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Mauna Kea’s Thirty Meter Telescope Project Sees Further Protests



In what can be seen are the most aggressive move of the protesters against the Thirty Meter Telescope (TMT) in the last seven years, was yesterday’s blockade along the way that led to the construction site.

Thursday saw the Office of Hawaiian Affairs trustees take a strong stand on the question of the TMT by withdrawing support, which it earlier promised. The TMT, construction of which commenced in March, now stands deferred, much to the opposition from the Hawaiian people.

The TMT has been planned as the world’s largest optical telescope, requiring an investment of $1.4 billion. If completed, it would spawn 18 stories and would, in fact, be the tallest building on Mauna Kea, the site proposed for the project. It will enable astronomers to study objects throughout the Milky Way and its neighboring galaxies.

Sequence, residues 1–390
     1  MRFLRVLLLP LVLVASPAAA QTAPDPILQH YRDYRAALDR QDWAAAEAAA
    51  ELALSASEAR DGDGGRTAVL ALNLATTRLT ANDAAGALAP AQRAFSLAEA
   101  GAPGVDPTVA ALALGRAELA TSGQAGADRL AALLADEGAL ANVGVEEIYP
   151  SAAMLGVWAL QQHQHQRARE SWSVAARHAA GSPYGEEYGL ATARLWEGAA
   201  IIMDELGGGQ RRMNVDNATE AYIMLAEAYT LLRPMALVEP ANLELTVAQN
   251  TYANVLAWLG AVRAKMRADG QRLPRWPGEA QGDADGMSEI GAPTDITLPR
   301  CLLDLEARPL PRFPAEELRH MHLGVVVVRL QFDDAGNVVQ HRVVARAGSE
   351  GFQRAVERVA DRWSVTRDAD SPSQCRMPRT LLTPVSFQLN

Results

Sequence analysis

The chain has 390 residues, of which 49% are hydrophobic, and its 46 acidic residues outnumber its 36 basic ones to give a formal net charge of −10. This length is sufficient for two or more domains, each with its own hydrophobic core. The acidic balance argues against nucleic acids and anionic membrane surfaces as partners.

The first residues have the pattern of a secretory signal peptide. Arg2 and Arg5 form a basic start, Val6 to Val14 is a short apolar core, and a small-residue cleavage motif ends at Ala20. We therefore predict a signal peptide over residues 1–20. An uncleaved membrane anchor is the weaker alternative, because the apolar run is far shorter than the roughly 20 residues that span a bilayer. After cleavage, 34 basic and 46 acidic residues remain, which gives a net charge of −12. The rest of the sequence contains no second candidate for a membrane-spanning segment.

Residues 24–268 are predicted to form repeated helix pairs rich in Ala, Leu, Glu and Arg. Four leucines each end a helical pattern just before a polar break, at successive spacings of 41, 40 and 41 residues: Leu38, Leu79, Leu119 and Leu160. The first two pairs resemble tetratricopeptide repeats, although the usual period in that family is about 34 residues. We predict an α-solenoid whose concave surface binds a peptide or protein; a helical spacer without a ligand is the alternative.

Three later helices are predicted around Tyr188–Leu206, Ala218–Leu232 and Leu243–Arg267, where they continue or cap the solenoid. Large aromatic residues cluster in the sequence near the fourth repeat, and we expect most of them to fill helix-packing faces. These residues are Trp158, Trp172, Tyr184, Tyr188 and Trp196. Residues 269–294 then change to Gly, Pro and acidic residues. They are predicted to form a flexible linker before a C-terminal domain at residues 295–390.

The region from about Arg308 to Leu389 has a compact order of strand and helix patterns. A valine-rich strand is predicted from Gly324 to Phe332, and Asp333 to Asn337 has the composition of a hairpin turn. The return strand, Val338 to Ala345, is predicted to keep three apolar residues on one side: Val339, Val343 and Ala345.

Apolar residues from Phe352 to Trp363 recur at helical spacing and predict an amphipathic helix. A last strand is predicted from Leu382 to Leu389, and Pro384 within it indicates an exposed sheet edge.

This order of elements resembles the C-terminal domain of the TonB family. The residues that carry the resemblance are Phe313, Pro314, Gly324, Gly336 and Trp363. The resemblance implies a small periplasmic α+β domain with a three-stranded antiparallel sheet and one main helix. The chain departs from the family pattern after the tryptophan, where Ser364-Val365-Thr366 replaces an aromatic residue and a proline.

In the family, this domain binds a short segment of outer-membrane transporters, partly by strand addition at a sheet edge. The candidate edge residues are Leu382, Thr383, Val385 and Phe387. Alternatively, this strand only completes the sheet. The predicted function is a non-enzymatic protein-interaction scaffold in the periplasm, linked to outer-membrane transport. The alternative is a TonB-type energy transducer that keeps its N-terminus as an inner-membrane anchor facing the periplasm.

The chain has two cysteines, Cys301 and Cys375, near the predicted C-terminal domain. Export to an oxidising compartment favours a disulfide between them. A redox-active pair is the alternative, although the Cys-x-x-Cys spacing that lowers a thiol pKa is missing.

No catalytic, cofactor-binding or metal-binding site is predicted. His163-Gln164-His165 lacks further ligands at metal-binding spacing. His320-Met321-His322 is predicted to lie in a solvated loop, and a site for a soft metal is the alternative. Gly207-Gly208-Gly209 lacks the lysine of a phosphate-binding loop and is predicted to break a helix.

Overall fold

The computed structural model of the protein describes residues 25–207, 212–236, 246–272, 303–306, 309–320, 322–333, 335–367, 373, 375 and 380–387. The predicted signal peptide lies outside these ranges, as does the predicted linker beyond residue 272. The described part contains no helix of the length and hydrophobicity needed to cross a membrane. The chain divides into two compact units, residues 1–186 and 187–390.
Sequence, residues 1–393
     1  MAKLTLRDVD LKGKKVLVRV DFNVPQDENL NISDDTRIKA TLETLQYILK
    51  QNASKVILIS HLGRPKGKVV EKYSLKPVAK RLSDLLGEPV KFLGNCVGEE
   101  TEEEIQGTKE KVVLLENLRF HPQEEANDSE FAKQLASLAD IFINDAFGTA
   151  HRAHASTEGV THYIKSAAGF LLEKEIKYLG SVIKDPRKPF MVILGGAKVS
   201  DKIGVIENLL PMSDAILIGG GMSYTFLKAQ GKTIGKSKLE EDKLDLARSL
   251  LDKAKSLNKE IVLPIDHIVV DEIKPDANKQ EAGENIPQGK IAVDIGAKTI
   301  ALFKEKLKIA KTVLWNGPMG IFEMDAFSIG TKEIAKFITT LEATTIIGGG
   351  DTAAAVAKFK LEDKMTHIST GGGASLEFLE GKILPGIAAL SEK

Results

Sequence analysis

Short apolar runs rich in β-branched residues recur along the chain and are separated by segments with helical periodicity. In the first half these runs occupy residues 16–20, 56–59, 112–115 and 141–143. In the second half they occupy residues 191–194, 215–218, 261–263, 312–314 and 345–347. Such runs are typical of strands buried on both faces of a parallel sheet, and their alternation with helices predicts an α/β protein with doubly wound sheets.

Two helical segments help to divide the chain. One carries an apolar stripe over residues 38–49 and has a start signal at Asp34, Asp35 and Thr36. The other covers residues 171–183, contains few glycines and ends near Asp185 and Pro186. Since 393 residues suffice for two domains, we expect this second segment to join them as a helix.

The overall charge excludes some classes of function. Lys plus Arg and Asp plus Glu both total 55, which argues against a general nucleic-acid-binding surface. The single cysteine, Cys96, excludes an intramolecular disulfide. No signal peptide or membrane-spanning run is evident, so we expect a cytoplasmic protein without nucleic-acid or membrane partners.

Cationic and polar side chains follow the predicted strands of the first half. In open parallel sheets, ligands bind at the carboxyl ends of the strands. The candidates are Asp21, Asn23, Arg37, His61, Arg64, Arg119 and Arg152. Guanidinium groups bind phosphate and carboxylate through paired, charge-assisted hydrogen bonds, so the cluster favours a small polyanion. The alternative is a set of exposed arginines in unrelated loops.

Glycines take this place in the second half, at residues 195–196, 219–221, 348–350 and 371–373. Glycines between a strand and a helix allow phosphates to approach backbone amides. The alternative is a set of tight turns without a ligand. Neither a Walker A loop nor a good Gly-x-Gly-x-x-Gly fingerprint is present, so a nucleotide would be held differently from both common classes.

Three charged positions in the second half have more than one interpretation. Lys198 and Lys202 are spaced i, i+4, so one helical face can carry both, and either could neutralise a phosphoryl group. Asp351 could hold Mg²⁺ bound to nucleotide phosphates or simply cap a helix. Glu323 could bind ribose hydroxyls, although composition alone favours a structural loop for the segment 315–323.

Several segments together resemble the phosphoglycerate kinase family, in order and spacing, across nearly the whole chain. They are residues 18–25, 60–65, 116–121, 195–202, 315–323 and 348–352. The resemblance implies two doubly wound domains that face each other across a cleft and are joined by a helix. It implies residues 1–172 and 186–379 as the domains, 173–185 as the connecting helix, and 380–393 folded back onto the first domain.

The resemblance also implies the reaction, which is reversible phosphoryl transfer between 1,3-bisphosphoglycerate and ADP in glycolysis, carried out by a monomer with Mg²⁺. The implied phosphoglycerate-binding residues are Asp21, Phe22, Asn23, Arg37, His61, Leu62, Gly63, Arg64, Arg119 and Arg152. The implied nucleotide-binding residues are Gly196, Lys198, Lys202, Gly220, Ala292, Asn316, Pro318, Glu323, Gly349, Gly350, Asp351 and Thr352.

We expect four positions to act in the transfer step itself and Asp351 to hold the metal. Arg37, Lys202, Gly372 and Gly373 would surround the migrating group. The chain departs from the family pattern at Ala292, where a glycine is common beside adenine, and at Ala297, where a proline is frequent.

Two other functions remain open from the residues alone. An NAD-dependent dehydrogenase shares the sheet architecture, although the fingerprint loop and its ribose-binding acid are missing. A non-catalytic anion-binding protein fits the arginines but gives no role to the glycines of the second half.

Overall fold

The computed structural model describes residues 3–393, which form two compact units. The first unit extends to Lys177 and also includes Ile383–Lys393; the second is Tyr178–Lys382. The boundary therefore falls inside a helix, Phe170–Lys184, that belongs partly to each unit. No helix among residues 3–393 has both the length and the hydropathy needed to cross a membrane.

The native Hawaiians, who are among the members of the opposition, have deep sentiments attached with the mountain. They have addressed their reservations in a letter to Governor Lingle, the Governor of Hawaii. They are not only opposing the building of the telescope due to its harmful impact on their culture and history, but are also contesting against the flawed process by which the construction contract was secured in the first place.

One of the points of concern of the natives was that at the time the construction permit was obtained, the project bearers did not establish the safety of the telescope with result to its impact on the natural resources and public health in the region. They also drew attention to the fact that the authorities did not confirm that the project would not draw benefits out of their sacred land.

From the ongoing mess, one thing is clear that both sides are very passionate about what they believe in and therefore, what is required is that all the Mauna Kea stakeholders come together and discuss a mutually agreeable plan for its future.

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